This is a breaking news story. Please check back for updates.
U.S. single-family home prices rose more than expected in May, though the pace of monthly increases showed definite signs of slowing, a closely watched survey said on Tuesday.
The S&P/Case-Shiller composite index of 20 metropolitan areas increased 1.1 percent in May on a seasonally adjusted basis. A Reuters poll of economists forecast a gain of 0.3 percent, following a rise of 0.2 percent in April.
All cities reported month-over-month price increases, with nine cities-Charlotte, Cleveland, Detroit, Las Vegas, Los Angeles, Miami, Minneapolis, New York, and Tampa-showing larger increases in May than in April.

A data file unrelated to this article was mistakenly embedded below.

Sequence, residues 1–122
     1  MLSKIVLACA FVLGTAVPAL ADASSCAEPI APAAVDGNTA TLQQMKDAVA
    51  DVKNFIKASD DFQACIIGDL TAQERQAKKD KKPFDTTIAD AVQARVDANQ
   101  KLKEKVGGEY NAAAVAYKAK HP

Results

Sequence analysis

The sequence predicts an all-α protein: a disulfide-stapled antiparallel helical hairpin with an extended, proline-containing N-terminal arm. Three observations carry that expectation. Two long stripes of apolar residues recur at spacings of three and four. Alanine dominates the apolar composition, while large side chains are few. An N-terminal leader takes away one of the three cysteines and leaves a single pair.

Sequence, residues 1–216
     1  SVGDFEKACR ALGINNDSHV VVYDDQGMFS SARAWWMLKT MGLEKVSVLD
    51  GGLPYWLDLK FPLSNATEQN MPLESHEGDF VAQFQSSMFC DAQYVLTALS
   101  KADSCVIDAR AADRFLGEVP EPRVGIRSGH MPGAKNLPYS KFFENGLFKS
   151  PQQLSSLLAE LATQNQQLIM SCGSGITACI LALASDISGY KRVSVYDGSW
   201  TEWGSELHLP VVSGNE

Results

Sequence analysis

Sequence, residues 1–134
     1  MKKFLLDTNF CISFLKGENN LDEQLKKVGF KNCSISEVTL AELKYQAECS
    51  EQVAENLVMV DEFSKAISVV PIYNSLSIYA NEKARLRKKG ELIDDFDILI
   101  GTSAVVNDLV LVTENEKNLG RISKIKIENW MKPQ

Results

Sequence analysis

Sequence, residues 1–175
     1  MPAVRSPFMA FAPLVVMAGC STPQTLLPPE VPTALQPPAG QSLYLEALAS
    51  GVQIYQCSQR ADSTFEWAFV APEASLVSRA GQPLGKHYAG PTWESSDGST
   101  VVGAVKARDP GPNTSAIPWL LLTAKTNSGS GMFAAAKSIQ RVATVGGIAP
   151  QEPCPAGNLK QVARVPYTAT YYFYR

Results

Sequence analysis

Charlotte posted its largest monthly gain since April 2013 while Minneapolis, New York, and Tampa logged their highest price gains since August 2013.
New York showed the most improvement, up 1.0% in May following an anemic 0.1% increase the previous month. Boston prices were up 1.1% in May, slowing from its 2.9% increase a month earlier.
Detroit remains the only city below its January 2000 value.
"Home prices rose at their slowest pace since February of last year," David M. Blitzer, chairman of the index committee at S&P Dow Jones Indices, said in a statement. "The 10- and 20-city composites posted just over 9 percent, well below expectations. Month-to-month, all cities are posting gains before seasonal adjustment; after seasonal adjustment 14 of 20 were lower."
Click here for the market reaction.